When a person’s kidneys fail and their body can’t clear wastes and extra water, kidney dialysis or a kidney transplant are the only options. A record 23,401 U.S. kidney transplants were performed in 2019, but more than 90,000 people remained on a wait list. Nationally, 17 people die each day awaiting a compatible kidney.
UCI Health Kidney Transplant Services, Orange County’s oldest and largest, has more than doubled the number of transplants over the last four years to meet the community's need. Live Well asked Donald C. Dafoe, MD, professor and chief of transplantation and surgical director of the kidney program, about the surging demand.
Q. The program grew from about 25 to 50 transplants a year to the 125 your team performed last year. What’s behind those numbers?
A. When I was recruited four years ago, there was a strong foundation already in place to build upon. We had an expert nephrology team led by Dr. Uttam Reddy and skilled personnel. The group’s esprit de corps is excellent, and they excel in delivering personalized care to our patients. Plus, UCI Health’s reputation as an academic health system means that complex cases are referred to us.
Q. How long do people typically wait for a kidney transplant?
A. In California, with one of the longest wait times in the nation at up to 10 years, 19,600 people are seeking a compatible deceased donor kidney. In Orange County, the wait typically extends to eight years. We expect that recent changes in the national sharing system will soon make organs more widely available.
Q. Why do so many more people need a kidney transplant?
A. People are living longer and we are seeing increasing rates of obesity, diabetes and hypertension, which leads to higher rates of chronic kidney disease and more patients in need of dialysis. At UCI, we have more than 700 people with end-stage kidney disease on our wait list.
Q. Are kidneys from live donors better than those from deceased donors?
A. Live donors are the best option. With a live donation, a patient can get a transplant done within a few months. Organs from live donors are rejected less often and are more durable, so both short-term and long-term success are better.
Q. How many transplants do you perform using organs from live vs. deceased donors?
A. About 15% of transplants we do are from live donors, but that percentage is rising with the growth of our live-donor program and an increase in chain donations.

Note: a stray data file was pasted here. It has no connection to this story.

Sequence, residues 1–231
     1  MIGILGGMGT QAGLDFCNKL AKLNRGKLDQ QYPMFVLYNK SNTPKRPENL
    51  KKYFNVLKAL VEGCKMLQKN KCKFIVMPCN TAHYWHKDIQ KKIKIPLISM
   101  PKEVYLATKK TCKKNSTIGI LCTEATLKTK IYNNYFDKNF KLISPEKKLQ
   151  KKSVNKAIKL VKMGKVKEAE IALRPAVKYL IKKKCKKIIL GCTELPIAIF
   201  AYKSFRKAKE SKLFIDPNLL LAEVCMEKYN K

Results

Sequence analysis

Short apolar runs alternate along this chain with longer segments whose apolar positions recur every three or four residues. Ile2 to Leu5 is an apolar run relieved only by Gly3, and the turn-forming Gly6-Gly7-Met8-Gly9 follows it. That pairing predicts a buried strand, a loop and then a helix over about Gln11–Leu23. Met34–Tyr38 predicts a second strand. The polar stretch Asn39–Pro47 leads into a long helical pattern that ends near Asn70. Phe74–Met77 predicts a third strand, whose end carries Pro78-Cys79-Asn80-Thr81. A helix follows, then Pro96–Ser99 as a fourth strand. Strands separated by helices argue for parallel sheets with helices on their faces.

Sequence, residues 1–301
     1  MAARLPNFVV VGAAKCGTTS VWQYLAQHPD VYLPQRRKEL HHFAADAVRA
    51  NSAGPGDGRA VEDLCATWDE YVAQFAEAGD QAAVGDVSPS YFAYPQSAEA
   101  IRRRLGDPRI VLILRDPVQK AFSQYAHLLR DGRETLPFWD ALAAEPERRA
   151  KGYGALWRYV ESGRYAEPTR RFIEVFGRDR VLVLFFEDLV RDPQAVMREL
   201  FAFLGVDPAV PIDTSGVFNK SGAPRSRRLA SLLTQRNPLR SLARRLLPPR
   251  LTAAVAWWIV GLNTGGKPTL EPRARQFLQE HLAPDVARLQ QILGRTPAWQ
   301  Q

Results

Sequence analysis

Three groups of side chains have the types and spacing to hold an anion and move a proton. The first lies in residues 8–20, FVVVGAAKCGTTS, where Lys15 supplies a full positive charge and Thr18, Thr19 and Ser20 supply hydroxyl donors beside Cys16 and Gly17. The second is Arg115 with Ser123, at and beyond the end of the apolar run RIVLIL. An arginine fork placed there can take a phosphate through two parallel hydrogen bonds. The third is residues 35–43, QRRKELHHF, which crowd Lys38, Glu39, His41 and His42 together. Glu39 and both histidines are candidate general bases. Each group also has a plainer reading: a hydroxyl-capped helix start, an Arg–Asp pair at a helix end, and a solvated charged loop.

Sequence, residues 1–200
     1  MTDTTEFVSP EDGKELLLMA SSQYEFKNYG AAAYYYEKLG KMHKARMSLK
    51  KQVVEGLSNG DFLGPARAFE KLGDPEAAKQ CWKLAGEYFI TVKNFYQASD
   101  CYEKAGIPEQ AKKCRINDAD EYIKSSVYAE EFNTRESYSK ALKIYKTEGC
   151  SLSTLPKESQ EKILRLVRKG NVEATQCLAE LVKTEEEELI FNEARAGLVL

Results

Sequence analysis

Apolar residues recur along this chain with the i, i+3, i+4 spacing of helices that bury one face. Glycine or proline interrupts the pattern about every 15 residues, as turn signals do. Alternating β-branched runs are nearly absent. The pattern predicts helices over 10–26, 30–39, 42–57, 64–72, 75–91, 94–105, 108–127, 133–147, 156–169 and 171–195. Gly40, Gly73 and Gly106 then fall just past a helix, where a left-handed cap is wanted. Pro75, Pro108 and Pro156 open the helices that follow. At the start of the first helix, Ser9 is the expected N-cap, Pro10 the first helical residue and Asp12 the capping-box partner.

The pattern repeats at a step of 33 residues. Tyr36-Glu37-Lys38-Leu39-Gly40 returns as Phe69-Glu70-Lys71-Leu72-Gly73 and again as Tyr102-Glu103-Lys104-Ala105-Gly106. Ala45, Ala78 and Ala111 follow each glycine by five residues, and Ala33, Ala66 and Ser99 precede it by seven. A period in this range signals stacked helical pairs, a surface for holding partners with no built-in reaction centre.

Q. What is a chain donation?
A. When blood and tissue typing show that a donor and recipient aren’t compatible, we can pair them with compatible patients and donors here and across the country. A national registry, which UCI Health recently joined, manages the chains, which can leapfrog across centers and long distances.
Q. You also perform donor-recipient swaps. How do those work?
A. Swaps involve donor-recipient pairs. If a donor and their recipient are incompatible, we search through our living donor paired-exchange program for another pair in the same situation. We have made viable exchanges in two, three and more compatible pairs at our center. We anticipate having more exchanges as members of the national registry.
Q. Why should someone consider making a live donation?
A. There is such a critical need for donor kidneys. When patients need a transplant, we ask if they have family or friends who might consider donation. A lot of patients are hesitant to ask, but many wonderful people do step up. Remember, even if there’s incompatibility, one donation can turn into a paired or chain opportunity.
Q. Why should people indicate their organ donation preferences?
A. Again, there is a critical shortage of kidneys. You can join California’s donor registry when you get or renew your driver’s license. In the case of an unexpected death, this can take the burden off family members who may be in shock when asked to make decisions about donation. We have seen many grieving families find solace in knowing that their loved one’s organs will help others.
Q. Is the expanded transplant program saving more lives?
A. Definitely. But it’s not just about longevity. We’re also greatly improving the patient’s quality of life. Transplant patients have more freedom in terms of diet and even travel now that they aren’t spending hours in dialysis three or four times a week. They also have more energy and think more clearly.